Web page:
The tedium of winning

In all forms of narrative, the protagonists will suffer setbacks, lose conflicts and sometimes get captured. It’s happened repeatedly to Batman and James Bond, (their foes love a deathtrap.) Buffy lost friends, family and her great love. Han got carbon frozen and Luke had his hand chopped off. Things didn’t end so well for Hamlet either.
Imagine a movie where the hero cuts though her enemies without taking even a scratch, one scene like that might be cool, even amazing, but if every scene was like that, that’s an express ticket to snoozeville.
So when players sit down to play an RPG, like Dungeons and Dragons, they will try to avoid anything bad to happening to them. While that is entirely appropriate in character, when it spills over to the actual player, that’s when it becomes a problem. Now you might say, “Hey, no one wants to have bad things happen to their characters!” As a player, I agree, I don’t like being beat up, captured or my stuff stolen. But as a game master, it’s a different story.
To really understand this, we need to look at the history of the game master-player dynamic. In the early days of tabletop RPGs, the relationship of GM to player was an adversarial one. The players where there to kill stuff and grab treasure and the GM was there to stop that at all costs. Ironic since all the treasure was imaginary. But that’s they way it was, a steel cage match with weapons of paper, dice and pencils.
Today, that is far less of the case; the dynamic is one of cooperative story telling where the GM is there to shepherd the fun of the players. And yet, there memory of those dark days full of anger and resentment still linger under the surface of our thought, springing up when the shadow of danger flickers in the corner of our vision. When things get hairy, rules are quoted and interpreted, and arguments are had.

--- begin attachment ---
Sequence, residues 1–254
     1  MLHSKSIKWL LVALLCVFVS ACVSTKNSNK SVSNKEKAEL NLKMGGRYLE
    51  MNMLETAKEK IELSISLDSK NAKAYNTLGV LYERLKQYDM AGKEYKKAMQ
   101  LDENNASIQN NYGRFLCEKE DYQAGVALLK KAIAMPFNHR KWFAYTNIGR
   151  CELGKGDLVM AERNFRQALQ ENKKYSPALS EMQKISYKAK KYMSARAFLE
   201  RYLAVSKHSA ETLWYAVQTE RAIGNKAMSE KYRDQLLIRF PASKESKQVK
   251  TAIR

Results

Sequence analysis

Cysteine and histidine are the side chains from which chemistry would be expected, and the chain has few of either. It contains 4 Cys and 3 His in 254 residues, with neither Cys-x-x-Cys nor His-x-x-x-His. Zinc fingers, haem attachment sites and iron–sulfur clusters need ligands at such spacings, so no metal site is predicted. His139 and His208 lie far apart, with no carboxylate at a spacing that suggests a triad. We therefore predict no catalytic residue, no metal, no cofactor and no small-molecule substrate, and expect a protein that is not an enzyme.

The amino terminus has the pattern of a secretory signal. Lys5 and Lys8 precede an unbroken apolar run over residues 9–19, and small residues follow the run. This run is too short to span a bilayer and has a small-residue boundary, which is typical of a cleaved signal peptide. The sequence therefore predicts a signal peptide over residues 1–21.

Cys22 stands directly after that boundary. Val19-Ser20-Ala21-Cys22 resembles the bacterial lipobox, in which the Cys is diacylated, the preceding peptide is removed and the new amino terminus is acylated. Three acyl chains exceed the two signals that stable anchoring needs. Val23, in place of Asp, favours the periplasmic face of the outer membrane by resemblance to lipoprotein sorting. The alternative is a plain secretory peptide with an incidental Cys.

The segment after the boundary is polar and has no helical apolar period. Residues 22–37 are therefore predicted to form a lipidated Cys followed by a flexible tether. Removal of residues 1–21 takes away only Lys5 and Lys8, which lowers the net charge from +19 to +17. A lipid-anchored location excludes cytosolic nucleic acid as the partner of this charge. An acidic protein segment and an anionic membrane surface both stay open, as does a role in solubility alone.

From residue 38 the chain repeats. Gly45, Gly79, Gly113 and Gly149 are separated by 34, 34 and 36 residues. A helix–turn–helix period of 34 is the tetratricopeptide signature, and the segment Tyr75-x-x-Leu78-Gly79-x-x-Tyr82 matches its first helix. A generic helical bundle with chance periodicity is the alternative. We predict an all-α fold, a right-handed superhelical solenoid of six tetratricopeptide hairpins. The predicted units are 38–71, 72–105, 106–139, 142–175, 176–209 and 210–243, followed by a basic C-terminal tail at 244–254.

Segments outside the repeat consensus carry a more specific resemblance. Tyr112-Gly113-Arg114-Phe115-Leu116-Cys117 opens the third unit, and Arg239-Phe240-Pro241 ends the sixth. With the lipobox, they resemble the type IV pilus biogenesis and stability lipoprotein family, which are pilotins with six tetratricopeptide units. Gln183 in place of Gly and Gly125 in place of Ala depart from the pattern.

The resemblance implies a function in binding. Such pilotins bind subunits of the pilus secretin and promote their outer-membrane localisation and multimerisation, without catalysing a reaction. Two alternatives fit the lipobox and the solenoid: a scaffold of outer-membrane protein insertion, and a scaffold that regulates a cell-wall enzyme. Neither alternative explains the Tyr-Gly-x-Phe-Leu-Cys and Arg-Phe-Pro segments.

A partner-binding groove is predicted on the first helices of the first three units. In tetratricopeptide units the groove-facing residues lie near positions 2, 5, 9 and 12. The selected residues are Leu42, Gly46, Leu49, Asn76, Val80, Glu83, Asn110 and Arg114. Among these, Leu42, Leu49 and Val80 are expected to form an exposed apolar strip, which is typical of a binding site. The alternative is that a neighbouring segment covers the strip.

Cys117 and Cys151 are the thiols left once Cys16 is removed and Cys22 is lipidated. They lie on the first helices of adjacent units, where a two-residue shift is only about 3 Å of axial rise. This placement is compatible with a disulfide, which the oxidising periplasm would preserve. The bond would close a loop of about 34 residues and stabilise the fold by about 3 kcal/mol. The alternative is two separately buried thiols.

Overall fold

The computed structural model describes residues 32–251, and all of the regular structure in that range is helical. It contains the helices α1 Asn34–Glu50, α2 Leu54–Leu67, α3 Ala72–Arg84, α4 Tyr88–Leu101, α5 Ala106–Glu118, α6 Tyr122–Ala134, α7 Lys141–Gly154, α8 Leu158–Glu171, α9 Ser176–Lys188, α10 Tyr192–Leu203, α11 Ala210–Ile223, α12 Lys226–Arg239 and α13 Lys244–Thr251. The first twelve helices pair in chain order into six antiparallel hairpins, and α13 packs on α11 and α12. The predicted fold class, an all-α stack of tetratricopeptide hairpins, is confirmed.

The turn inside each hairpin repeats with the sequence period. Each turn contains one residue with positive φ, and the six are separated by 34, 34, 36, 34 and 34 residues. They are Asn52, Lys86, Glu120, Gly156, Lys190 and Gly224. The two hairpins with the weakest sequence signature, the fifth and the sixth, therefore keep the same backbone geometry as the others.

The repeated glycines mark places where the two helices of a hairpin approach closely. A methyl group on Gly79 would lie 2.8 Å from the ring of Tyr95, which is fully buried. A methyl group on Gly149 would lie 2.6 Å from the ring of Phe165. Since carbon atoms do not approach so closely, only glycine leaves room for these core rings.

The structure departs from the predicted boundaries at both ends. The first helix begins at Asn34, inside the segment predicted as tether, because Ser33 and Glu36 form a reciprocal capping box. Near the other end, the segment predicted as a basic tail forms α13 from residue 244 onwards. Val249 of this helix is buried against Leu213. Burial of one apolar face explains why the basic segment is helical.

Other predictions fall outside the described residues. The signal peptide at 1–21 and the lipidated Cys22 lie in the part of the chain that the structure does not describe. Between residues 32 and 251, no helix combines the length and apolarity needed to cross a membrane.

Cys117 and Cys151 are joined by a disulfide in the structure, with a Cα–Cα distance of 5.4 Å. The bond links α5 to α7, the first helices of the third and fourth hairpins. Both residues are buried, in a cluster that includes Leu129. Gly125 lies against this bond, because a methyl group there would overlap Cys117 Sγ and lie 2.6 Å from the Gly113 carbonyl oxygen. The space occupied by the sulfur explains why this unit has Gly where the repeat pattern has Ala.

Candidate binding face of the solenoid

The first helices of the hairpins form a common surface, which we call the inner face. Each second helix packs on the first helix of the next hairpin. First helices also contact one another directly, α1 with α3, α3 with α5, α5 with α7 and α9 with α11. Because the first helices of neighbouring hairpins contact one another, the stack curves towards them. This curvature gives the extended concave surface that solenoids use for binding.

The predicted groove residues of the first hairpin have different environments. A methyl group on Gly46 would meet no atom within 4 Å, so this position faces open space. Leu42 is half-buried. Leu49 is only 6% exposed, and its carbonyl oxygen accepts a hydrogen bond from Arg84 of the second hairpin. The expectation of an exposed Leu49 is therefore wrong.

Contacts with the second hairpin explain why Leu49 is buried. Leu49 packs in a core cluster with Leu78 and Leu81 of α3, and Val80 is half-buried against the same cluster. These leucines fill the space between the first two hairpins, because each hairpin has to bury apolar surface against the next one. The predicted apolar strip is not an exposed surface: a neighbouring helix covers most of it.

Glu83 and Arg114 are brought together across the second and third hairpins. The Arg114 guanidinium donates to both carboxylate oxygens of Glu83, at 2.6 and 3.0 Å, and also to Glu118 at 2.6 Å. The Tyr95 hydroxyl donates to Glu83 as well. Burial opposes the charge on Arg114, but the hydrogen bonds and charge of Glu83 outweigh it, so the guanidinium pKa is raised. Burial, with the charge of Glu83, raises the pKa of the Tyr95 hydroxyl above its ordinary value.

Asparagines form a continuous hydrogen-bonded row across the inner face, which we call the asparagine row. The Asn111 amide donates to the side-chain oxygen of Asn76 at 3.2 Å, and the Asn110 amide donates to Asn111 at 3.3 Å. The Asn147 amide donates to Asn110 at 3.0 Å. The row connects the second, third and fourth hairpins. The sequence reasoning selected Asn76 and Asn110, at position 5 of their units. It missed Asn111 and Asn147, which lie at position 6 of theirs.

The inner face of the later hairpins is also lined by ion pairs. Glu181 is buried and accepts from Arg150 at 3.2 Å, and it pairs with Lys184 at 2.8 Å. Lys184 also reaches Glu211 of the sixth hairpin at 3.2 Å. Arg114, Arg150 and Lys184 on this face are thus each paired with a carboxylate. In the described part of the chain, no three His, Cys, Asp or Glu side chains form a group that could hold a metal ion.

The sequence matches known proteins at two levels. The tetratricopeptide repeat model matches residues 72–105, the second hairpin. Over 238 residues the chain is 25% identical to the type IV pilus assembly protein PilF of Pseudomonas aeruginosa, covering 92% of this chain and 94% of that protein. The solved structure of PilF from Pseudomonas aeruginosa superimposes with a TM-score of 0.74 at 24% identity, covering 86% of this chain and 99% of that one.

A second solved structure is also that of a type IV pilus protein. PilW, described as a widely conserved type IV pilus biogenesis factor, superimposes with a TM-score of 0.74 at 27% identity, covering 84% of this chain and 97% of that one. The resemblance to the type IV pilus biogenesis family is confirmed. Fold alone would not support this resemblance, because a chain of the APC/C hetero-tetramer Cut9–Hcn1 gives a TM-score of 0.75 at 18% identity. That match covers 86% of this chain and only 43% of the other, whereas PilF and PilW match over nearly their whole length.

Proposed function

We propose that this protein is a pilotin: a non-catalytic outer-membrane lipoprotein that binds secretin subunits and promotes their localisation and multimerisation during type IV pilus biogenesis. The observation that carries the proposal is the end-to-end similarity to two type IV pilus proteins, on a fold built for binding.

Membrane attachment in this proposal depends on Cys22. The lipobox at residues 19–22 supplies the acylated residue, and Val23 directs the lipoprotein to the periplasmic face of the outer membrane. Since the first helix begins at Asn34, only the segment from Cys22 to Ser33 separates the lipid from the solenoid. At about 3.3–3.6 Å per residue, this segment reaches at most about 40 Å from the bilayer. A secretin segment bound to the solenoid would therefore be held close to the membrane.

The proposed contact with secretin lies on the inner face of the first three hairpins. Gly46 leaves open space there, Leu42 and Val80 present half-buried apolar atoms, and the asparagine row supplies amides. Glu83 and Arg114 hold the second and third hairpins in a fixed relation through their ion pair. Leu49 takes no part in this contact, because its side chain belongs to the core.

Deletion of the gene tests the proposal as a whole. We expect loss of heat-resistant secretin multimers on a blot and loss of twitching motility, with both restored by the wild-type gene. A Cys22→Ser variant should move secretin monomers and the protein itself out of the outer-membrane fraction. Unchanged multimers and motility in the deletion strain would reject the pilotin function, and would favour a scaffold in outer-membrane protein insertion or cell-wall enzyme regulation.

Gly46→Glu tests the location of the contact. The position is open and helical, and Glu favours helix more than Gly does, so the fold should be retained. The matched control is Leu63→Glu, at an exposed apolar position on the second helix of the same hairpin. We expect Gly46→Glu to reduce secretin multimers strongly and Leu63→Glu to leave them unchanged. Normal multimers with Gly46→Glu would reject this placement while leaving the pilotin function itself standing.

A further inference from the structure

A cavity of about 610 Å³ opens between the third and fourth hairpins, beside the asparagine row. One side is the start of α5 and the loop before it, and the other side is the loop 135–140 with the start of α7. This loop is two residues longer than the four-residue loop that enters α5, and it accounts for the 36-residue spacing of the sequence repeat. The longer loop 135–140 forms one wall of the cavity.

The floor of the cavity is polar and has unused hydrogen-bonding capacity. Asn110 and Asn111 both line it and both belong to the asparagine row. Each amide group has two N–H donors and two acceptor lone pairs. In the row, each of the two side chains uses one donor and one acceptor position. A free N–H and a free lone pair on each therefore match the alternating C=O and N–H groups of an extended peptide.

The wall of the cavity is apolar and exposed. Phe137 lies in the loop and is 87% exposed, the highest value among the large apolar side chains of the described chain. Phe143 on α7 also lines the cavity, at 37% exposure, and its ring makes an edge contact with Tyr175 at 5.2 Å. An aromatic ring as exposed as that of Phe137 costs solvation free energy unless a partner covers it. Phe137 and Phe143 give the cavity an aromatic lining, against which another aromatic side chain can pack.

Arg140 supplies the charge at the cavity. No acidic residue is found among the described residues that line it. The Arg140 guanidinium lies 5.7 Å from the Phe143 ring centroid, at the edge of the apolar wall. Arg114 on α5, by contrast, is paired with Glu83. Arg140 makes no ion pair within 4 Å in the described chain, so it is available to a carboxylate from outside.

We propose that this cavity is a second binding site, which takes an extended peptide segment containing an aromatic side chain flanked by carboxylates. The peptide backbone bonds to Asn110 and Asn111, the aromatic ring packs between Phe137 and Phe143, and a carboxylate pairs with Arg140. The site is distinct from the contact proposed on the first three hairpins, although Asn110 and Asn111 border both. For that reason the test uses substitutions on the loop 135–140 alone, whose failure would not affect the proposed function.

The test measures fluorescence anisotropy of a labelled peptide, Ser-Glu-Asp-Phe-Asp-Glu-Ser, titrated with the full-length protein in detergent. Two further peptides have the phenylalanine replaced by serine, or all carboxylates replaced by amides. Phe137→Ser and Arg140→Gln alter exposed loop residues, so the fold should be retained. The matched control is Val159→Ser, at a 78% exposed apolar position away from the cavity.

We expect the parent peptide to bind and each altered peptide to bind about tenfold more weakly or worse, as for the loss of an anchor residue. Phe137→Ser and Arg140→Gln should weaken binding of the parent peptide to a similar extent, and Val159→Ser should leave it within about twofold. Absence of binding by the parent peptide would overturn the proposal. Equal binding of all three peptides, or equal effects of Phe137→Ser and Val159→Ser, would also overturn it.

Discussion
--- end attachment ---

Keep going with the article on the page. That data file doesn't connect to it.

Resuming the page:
What it all comes down to is trust. Players need to trust their GM and the GM needs to be worthy of that trust. Just because the heroes are defeated, doesn’t mean the story is over.
The dragon has breathed deadly breath, be it fire, cold, poison, or some other deadly emission, might the players then be eaten? Sure. Or they could just as easily be captured by a giant. Who happens to own the castle where the dragon lives, and now they have the opportunity to bargain for their lives. This could lead to a new ally or enemy, but it doesn’t have to mean the end of their story.
It’s also important to be fans of the players, they are the heroes of the story. Challenge them but don’t punish them needlessly. Players, remember that your GM put a lot of work in preparing the game. So try not to refuse the offers they present to you. It should be fun for everyone.

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